The story was called “They Come From Mars” and in one of those all-too-common moments of synchronicity, that story is essentially a disintegrating language loop. It contains only—until its surprise ending—four letter words. (No, not profanity.) There are twelve words a line. The font is Courier, I think, which is a monospaced (fixed width) font, so all the words are the same size.
What begins as an incantatory: They come from Mars they come from Mars…gives way to a discussion of the arrival of visitors from Mars. Chasin abbreviates. “There” and “their” become “ther.” When we speak, we abbreviate without realizing it, and she uses that to her advantage. “Suspect” becomes “spec.” (Unless she means “expect,” but, she uses that ambiguity to her advantage as well.)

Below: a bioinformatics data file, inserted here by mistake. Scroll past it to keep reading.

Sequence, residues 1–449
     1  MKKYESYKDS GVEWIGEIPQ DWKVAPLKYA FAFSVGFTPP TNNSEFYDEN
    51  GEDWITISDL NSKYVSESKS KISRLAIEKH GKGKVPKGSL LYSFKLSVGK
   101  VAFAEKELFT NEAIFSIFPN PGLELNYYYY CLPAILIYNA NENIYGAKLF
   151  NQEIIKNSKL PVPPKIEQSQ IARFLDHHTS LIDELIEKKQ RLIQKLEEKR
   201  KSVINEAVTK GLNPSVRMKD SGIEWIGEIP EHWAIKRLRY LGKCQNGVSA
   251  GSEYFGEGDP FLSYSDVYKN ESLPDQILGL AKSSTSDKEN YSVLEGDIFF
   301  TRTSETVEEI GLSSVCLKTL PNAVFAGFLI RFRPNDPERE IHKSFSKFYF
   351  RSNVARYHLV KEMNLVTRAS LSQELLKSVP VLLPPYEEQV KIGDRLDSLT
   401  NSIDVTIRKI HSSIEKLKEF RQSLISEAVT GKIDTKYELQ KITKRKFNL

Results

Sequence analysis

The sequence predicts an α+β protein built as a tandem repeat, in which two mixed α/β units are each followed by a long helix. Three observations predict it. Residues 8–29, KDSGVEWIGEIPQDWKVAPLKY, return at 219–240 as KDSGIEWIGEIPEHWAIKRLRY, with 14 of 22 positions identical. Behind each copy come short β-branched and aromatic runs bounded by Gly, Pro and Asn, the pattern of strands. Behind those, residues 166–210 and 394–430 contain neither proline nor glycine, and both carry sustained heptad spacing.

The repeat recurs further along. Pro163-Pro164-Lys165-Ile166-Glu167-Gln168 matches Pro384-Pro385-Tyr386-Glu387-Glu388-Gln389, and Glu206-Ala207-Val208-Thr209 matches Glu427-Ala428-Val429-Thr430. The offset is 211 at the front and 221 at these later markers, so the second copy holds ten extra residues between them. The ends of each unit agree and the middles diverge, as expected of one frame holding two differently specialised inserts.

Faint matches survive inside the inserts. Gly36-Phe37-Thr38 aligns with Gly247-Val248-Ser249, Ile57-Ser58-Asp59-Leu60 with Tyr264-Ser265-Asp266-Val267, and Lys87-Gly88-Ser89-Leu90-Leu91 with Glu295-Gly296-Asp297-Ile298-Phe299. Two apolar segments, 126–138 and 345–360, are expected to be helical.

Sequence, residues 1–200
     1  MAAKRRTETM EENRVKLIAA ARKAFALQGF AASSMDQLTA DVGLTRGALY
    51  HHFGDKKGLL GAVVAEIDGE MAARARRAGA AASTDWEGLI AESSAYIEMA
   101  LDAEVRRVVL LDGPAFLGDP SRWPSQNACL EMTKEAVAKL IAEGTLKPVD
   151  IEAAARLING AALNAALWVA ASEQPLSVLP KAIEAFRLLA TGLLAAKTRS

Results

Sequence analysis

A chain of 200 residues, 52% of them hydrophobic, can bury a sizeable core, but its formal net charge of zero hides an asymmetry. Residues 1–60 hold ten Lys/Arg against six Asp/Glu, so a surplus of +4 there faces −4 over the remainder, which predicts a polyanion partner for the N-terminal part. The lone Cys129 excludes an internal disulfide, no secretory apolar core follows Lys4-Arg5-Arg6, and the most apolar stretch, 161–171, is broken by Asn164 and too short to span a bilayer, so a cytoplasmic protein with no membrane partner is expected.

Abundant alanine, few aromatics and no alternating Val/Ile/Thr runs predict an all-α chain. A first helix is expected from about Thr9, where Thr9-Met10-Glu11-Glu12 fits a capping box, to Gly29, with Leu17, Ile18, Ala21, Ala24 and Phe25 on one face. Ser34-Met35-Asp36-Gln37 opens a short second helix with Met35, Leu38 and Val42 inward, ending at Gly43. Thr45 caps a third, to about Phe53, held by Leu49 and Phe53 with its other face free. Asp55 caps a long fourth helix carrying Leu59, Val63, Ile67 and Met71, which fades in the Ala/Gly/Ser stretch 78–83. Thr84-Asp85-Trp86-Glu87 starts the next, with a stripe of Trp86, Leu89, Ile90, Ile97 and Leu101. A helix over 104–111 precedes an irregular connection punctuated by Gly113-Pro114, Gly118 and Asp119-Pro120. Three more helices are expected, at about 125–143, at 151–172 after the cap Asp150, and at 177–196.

The long columns of twelve word, monospaced lines, the paranoia in the prose (they come from Mars, for Heaven’s sake!), the flatering, disintegrating prose loops—it reminds me of Howard Finster a little, outsider art. The text on the bottles of Dr. Bronner’s Peppermint Soap.
And, as I said, it dovetailed nicely with the Basinski, a recording of a long, old tape loop repeating and repeating and repeating and slowly falling apart moment by moment in such minimal steps, you miss it.
Blake sent me this book. Thanks, Blake.